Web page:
Pinto Creek is a PRIMUS certified facility with a full-time Quality Assurance person on-site daily. The packing facility has seen steady improvement over the past decade with the addition of a new storage facility and modernized grading and sizing equipment. The Pinto Creek team commitment to excellence has elevated their status to one of the premier red and yellow potato packing sheds in the nation.
About Potandon Produce L.L.C.
Headquartered in Idaho Falls, Idaho, Potandon Produce is the largest marketer of fresh potatoes and one of the largest marketers of fresh onions in North America. Potandon holds the exclusive licensing rights to the Green Giant™ brand for fresh potatoes and onions in North America, and is able to provide year-round supply to any size retail, foodservice, or wholesale customer. Potandon is also an industry leader in food safety and in bringing innovative products to the market. Visit www.potandon.com to learn more about Potandon, and go to Potandon’s consumer website, www.klondikebrands.com, to learn more about the company’s distinctive potato varieties. To learn more about the Green Giant™ Fresh program visit www.greengiantfresh.com.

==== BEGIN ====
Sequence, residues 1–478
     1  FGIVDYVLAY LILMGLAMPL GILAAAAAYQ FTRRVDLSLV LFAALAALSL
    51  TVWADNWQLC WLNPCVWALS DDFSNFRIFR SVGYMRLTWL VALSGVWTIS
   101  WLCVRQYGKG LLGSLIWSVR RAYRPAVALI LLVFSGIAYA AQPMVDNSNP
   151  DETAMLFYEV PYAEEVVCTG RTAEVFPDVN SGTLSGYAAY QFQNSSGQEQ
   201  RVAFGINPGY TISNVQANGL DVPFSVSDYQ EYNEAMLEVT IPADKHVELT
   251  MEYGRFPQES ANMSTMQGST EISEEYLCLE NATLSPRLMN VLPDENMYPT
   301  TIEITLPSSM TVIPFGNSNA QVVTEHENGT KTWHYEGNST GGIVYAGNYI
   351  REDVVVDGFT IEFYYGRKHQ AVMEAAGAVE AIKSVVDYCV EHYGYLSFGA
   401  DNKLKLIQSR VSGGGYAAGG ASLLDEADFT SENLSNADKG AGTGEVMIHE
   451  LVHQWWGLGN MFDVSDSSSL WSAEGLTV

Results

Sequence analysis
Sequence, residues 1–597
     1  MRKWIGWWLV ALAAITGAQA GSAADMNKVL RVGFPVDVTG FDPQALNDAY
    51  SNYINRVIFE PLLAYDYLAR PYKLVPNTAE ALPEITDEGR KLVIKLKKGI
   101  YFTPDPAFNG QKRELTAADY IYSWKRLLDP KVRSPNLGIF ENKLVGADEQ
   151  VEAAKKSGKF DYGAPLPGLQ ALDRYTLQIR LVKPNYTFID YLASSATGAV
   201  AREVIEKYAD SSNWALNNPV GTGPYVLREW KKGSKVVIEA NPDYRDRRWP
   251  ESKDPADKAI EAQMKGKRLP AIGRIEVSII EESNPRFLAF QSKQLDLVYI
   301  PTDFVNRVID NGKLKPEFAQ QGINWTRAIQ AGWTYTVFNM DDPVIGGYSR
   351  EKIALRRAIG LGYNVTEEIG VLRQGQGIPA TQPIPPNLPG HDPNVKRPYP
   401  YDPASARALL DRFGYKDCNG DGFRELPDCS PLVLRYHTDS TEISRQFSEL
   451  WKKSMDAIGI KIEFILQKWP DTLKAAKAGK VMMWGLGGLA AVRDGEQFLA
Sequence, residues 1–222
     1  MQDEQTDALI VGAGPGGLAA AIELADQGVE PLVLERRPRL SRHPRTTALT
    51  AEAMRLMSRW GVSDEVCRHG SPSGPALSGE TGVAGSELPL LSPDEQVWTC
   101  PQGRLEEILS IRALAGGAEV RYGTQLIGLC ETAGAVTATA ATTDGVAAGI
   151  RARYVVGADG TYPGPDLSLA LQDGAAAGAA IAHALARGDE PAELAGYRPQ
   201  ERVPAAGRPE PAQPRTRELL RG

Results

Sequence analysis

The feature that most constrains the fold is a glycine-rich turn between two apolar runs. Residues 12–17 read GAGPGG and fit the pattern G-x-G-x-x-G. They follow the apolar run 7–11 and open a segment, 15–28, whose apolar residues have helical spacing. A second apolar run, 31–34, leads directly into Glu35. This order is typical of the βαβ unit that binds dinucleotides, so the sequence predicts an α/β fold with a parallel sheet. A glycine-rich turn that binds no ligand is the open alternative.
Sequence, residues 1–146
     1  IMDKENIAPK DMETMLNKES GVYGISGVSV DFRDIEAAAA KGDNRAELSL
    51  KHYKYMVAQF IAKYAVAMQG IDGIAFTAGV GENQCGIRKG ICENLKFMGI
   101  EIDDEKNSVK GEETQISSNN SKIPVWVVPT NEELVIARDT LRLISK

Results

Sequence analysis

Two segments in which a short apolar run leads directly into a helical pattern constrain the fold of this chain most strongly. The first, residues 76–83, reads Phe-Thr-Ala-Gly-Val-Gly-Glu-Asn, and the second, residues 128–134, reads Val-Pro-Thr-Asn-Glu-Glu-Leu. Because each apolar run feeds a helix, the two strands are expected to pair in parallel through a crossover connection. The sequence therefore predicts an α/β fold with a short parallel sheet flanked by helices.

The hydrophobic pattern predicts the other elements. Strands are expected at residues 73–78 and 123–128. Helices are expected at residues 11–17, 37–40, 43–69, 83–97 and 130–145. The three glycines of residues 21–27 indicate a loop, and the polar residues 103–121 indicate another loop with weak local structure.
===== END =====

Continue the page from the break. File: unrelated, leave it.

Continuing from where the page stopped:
Green Giant, the Green Giant character, Sprout, and associated words and designs are trademarks of B&G Foods North America, Inc.-used under license. ©2016 B&G Foods North America, Inc.
Asparagus loadings out of Michigan have started. Meanwhile, here’s an update on how many potatoes remain to be shipped for the 2017-18 shipping season.
Michigan asparagus shipments are just getting underway and will continue into late June with good volumes coming in time for the Memorial weekend, May 26 – 28.